I will paraphrase the beginning and the end of the article to clarify and substantiate my stand.
“Then, there is the image I most see, the one of me in my own country: being acclaimed as a megastar, adored and glorified, my fans mobbing me with love and apparent adulation.
So I am a Khan, but no stereotyped image is factored into my idea of who I am. Instead, the living of my life has enabled me to be deeply touched by the love of millions of Indians. I have felt this love for the last 20 years regardless of the fact that my community is a minority within the population of India. I have been showered with love across national and cultural boundaries, they appreciate what I do for them as an entertainer – that’s all. My life has led me to understand and imbibe that love is a pure exchange, untempered by definition and unfettered by the narrowness of limiting ideas.
Sometimes, they ask me what religion they belong to and, like a good Hindi movie hero, I roll my eyes up to the sky and declare philosophically, “you are an Indian first and your religion is Humanity”, or sing them an old Hindi film ditty, “tu hindu banega na musalmaan banega – insaan ki aulaad hai insaan banega” set to Gangnam style.
Why should not the love we share be the last word in defining us instead of the last name? It doesn’t take a superstar to be able to give love, it just takes a heart and as far as i know, there isn’t a force on this earth that can deprive anyone of theirs. I am a Khan, and that’s what it has meant being one, despite the stereotype images that surround me. To be a Khan has been to be loved and love back….”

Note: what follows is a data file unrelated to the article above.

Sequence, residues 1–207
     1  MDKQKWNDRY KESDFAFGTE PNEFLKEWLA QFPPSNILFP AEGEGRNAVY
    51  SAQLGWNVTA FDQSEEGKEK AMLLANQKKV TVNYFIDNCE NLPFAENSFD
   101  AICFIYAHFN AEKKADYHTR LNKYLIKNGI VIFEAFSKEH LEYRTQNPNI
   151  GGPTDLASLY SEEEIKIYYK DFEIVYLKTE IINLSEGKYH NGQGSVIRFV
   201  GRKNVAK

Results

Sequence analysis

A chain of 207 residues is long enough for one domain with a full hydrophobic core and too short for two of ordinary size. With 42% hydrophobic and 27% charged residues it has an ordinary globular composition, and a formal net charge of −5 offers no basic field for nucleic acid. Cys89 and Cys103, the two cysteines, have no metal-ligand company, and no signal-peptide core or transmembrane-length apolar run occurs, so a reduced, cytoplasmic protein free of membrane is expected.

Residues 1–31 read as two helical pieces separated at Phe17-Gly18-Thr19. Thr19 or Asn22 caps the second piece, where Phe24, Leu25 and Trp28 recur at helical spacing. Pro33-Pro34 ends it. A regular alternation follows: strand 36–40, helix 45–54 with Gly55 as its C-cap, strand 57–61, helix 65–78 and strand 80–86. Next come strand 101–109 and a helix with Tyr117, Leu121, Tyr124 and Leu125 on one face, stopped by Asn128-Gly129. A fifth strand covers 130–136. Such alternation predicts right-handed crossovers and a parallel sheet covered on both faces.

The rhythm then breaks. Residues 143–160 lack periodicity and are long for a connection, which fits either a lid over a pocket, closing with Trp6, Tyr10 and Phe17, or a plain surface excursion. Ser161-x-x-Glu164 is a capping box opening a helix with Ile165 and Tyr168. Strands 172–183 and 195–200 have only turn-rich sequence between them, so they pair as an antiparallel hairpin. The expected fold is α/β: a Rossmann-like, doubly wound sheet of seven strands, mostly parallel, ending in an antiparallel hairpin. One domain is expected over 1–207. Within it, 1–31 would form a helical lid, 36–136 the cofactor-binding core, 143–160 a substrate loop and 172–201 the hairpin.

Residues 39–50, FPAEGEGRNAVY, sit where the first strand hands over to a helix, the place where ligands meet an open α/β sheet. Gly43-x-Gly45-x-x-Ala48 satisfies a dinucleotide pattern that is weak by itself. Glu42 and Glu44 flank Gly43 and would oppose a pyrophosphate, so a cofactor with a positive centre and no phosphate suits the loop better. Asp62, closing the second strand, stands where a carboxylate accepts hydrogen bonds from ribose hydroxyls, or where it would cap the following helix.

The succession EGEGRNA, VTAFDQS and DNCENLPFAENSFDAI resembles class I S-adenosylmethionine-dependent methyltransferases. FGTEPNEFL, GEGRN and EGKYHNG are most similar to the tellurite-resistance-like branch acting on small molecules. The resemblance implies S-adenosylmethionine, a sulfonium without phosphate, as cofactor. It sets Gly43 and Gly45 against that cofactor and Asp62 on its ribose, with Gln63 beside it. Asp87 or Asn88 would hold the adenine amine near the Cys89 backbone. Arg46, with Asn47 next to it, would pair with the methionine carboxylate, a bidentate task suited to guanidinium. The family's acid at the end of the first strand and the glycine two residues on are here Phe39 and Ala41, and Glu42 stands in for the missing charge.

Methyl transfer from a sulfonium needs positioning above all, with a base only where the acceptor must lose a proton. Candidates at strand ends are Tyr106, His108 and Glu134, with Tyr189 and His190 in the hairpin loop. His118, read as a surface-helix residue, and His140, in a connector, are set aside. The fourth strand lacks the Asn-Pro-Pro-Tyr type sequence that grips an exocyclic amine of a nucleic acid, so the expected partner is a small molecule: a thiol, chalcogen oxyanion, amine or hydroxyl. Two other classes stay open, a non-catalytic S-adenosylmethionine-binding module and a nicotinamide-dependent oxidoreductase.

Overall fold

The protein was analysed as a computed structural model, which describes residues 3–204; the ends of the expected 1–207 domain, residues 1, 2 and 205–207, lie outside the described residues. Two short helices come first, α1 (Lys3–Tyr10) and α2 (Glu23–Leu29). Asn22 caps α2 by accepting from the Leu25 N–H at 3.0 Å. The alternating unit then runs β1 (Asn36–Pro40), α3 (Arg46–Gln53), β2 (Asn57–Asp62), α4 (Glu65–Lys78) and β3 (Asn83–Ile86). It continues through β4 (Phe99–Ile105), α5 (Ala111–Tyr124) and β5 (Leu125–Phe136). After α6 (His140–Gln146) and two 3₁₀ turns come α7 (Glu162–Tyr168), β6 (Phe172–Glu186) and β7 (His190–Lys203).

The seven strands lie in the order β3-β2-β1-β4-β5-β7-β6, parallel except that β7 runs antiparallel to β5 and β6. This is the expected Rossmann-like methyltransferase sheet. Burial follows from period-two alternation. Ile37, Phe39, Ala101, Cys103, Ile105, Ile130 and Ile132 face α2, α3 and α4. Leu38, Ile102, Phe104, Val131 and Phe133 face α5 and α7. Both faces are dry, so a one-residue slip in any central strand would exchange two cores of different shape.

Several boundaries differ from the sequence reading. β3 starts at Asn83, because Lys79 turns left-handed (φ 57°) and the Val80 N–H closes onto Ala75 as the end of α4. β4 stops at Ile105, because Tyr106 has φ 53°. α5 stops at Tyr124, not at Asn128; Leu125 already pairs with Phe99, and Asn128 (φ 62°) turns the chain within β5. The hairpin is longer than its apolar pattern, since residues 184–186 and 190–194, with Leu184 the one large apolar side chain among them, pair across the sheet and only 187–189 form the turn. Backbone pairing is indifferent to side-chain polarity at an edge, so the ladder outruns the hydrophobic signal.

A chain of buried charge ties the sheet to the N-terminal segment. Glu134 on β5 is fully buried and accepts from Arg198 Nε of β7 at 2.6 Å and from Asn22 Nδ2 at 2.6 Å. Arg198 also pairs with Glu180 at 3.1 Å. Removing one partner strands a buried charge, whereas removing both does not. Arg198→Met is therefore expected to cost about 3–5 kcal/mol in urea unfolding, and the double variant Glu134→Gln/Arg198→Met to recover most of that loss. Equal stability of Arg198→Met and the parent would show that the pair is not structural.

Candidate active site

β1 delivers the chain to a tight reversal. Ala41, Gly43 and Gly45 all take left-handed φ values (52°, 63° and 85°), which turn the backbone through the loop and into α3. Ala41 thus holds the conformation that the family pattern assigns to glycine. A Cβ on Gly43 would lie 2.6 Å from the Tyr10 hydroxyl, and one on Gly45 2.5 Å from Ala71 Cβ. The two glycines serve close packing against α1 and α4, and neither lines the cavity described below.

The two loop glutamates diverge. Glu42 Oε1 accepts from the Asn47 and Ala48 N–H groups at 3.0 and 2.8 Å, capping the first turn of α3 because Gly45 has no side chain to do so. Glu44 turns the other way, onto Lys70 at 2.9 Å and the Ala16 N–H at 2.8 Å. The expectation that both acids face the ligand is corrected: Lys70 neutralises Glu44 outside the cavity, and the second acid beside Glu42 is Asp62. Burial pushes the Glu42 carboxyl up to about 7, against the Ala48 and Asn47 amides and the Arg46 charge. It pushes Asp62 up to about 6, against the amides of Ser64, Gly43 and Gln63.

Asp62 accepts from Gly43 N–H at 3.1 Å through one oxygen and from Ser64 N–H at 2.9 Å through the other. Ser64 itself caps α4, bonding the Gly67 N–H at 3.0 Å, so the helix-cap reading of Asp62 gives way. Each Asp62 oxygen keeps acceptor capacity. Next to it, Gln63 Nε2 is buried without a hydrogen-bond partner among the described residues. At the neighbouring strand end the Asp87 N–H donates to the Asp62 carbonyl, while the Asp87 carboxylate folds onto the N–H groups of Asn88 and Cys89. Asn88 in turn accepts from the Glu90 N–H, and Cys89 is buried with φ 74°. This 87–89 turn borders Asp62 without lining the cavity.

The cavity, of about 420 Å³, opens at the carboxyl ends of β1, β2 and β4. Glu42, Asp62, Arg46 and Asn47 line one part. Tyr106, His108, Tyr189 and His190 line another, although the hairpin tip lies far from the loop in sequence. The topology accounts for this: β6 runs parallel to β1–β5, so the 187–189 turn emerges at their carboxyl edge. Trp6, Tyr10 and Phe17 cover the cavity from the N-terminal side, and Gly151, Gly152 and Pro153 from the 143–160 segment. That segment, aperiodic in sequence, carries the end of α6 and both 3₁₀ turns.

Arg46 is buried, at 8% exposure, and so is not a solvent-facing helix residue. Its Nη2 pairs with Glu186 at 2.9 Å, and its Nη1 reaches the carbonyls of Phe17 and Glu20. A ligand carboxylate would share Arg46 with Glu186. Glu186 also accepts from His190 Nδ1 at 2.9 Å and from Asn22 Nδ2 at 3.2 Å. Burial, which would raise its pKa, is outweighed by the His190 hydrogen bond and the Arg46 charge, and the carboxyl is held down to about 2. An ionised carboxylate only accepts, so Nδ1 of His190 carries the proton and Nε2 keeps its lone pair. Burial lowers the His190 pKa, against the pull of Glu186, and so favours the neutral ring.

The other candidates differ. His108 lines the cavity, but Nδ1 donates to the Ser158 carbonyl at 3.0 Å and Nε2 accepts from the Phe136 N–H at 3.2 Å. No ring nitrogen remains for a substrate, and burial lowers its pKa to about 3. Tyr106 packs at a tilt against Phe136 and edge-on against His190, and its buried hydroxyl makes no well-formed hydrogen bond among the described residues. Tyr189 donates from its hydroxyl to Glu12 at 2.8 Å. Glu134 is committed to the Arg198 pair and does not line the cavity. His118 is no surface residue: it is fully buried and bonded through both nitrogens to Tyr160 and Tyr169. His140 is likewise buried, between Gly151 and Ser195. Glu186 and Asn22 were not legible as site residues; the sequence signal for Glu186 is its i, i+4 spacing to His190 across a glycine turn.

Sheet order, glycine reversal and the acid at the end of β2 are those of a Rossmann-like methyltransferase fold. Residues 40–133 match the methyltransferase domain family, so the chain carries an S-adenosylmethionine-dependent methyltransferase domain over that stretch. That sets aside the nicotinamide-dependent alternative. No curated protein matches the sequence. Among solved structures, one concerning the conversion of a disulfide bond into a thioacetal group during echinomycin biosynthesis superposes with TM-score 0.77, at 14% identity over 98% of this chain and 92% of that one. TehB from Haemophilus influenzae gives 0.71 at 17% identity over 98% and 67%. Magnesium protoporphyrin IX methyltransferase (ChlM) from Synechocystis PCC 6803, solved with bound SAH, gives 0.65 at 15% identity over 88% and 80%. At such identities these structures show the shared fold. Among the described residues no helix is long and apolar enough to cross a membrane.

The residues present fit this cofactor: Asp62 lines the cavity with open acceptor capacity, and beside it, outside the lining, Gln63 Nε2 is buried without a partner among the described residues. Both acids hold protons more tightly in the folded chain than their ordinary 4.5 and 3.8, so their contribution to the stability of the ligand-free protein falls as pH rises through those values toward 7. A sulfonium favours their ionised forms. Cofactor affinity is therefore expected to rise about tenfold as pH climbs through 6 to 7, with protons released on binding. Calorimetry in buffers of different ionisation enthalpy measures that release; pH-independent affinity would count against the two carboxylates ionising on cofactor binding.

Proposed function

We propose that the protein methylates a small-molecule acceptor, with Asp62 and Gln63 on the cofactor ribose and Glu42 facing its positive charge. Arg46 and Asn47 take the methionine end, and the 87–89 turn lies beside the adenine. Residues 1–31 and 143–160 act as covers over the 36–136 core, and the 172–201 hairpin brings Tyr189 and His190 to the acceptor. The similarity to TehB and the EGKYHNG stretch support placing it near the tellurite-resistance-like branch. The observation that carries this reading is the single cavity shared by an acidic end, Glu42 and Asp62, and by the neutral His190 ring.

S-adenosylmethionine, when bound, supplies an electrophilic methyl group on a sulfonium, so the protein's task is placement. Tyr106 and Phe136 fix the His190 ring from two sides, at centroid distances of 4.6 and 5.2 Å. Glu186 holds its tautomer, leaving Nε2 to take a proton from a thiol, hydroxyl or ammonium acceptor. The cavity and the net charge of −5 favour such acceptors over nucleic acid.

Please I implore everyone here to read the article and convey through your respective mediums of communications, all the good things that it expresses to youngsters and my fellow Indians. It is a heartfelt and extremely important aspect of my life, an appreciation of love that all of you have bestowed upon me and also a point of view from my being a father of two young children I would like to tell all those who are offering me unsolicited advice that we in India are extremely safe
and happy. We have an amazing democratic, free and secular way of life. In the environs that we live here in my country India, we have no safety issues regarding life or material. As a matter of fact it is irksome for me to clarify this non-existent issue. With respect I would like to say to anyone who is interpreting my views and offering advice regarding them, please read what I have written first.
Also some of the views that I have been made to read are just an extension of soft targeting celebs and creating an atmosphere of emotional outbursts and divisiveness based on religion…in the minds of some. I implore everyone to understand, that my article is against exactly this kind of giving in to propaganda and aggressiveness. Lets not be misled by tools which use religion as an anchor for unrest and a policy of divide and rule.
I would also like to add here, that my profession as an actor makes me, liked beyond the borders of my nation and culture. The hugs and love that I am showered upon by Nationalities all around the world, make me safe all over the globe, and my safety has genuinely never been a matter of concern to me…and so it should not be a matter of concern to anyone else either.
We are all educated and patriotic people. We do not have to prove that time and again because of divisive politics of a few.
My own family and friends, are like a mini India…where all religions, professions and a few wrongs included, all are treated with tolerance and understanding and regard for each other. I only sell love…love that I have got from millions of Indians and non Indians….and stand indebted to my audience in my country and around the world. It is sad that I have to say it to prove it, in my country, which my father fought for, during the Independence struggle.